The Eagle Has Been Grounded By IANTHE JEANNE DUGAN
August 21, 2008
Mint Halts Gold-Coin Sales After Supply Depleted
Amid Price Drop
gold prices tumbled from their highest level ever, investors
and collectors loaded up on one-ounce "American eagle"
gold-bullion coins. The buying spree came to an abrupt halt
this week after the U.S. Mint stopped selling the coins for
the first time since production began 20 years ago.
"Due to the unprecedented demand...our
inventories have been depleted," the Mint -- part of
the U.S. Treasury Department -- told its dealers Friday. "We
are therefore temporarily suspending all sales of these coins."
The move shocked sellers and collectors of the coins, which
are the most widely traded in the U.S. Suppliers became angry
as they turned away customers. Theories about the decision's
underlying cause ran rampant -- from investors in gold futures
to Russia's invasion of Georgia.
"This whole thing started about the time the Ruskies
made their move," a collector noted in an Internet chat
room called goldismoney.info. "It may very well be that
the USGovt is preparing for the real financial meltdown by
hoarding all remaining gold flows."
The Mint says it simply was wiped out. It has sold 311,000
ounces of the coins this year -- about 50% more than in all
of 2007. In the first few weeks of August alone, buyers snapped
up 63,500 ounces.
United States Mint The U.S. Mint has stopped selling American
eagle gold-bullion coins.
"We are working diligently to build up our inventory
and hope to resume sales shortly," the Mint wrote in
a memo to dealers.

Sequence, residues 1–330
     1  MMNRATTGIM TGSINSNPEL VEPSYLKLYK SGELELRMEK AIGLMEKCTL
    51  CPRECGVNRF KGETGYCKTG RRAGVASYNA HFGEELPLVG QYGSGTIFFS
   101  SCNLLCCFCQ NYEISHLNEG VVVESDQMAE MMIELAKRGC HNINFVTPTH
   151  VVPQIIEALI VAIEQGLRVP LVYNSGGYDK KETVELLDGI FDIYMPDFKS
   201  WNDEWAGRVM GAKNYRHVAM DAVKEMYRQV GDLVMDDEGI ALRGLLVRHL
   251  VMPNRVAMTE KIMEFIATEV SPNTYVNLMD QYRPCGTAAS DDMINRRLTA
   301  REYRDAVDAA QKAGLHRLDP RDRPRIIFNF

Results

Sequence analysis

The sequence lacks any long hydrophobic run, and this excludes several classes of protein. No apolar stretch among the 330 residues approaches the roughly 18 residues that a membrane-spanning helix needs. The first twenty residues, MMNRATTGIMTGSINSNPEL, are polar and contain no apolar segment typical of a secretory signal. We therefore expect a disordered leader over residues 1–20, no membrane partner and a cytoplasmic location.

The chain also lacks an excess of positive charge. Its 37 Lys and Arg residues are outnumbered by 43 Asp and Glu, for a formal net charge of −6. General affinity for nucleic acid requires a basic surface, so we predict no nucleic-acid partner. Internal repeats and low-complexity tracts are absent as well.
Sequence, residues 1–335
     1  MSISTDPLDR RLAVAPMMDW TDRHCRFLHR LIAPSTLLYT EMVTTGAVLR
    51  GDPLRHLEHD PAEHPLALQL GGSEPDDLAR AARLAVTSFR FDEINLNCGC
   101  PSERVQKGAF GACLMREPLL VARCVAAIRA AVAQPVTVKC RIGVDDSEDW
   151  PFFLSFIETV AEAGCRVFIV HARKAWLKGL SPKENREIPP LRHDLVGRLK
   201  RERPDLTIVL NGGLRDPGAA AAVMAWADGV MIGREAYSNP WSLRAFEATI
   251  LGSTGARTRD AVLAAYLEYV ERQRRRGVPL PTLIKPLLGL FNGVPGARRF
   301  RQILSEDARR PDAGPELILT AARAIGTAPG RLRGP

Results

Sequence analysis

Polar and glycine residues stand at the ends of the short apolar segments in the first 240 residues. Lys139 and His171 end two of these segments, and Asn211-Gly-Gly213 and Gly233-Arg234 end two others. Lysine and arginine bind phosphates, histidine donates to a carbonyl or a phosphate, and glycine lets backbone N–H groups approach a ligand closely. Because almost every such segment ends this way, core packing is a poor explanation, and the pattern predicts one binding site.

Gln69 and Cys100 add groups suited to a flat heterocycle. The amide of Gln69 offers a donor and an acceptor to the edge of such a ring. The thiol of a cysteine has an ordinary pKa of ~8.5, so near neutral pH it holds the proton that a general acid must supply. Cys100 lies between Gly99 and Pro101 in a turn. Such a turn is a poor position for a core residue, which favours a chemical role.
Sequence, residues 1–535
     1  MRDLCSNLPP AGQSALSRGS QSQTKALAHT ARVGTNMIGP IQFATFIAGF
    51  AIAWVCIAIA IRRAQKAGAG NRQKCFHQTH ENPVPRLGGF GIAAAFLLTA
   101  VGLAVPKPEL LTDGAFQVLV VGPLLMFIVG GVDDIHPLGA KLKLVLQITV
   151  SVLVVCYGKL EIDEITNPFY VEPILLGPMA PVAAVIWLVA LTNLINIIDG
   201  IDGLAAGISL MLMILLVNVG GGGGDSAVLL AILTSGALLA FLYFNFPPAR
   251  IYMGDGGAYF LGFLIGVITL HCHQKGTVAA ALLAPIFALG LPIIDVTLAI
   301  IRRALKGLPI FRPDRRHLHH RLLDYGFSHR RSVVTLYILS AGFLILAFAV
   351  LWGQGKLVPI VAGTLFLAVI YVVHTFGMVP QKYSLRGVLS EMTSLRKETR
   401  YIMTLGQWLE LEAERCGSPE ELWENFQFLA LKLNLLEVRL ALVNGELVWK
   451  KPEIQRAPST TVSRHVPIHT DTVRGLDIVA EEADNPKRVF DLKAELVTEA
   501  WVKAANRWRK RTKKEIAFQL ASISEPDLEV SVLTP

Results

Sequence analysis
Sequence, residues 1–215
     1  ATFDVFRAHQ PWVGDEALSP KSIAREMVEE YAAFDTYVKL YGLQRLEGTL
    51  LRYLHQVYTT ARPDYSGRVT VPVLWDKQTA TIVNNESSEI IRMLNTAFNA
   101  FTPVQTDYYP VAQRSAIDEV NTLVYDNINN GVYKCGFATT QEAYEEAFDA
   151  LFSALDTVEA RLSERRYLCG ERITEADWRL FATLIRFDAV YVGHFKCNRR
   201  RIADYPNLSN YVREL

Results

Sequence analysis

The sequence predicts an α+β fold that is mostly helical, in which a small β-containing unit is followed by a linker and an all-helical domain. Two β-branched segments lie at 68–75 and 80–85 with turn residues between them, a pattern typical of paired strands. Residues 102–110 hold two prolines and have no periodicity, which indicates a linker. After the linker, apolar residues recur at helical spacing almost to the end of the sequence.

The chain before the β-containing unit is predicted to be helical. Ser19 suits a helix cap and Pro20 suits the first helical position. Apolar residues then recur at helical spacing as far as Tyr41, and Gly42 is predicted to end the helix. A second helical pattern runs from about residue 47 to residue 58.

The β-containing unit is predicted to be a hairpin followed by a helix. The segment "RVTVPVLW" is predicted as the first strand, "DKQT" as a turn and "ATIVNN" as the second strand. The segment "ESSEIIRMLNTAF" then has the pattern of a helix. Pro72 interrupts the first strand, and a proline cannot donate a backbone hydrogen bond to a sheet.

The American-eagle bullion program was launched in 1986 with
the sale of gold and silver bullion coins. One-ounce coins
have a face value of $50 and $1, respectively, although the
coins trade close to the market value of the underlying metal.
After the 2008 silver coins, known as silver eagles, surged
in popularity earlier this year as silver prices rose, the
Mint began rationing them. Dealers were upset by the latest
blow. "If I don't have something to sell, I lose business,"
says Rand LeShay of A-Mark Precious Metals, a Los Angeles
The Mint announced the suspension Friday, the day prices
of gold-futures contracts -- bets on what gold will cost later
-- finished below $800 an ounce for the first time this year.
The drop accelerated a buying spree among investors. Gold
began bouncing back and late Wednesday traded at $810.30.
In March, gold futures hit a high of $1,003.20 an ounce.
American-eagle gold-bullion coins are made from 22-karat
gold mined in the U.S. The front side's design was inspired
by August Saint-Gaudens' $20 gold piece, minted from 1907
to 1933. On the reverse side is a nest of American eagles.
The coins are sold by the Mint to 10 dealers world-wide for
a premium above the price of gold. These dealers resell the
coins, which now fetch about $815.
The American Precious Metals Exchange, an online gold dealer,
posted an alert about the Mint's move, generating confused
and angry responses. Many customers said they were mystified
because the silver-coin rationing followed a price surge,
while the gold suspension followed a drop.
"The situation is strange and doesn't fit the 'normal'
supply & demand economic model," the firm wrote to
The Gold Anti-Trust Action Committee, an advocacy group,
said the Mint's move proved financial institutions are colluding
to set prices.
"The suspension is overwhelming evidence...that the
commodities exchanges are being used...as part of a massive
scheme of manipulation of the precious metals, currency and
bond markets," the group wrote on its Web site.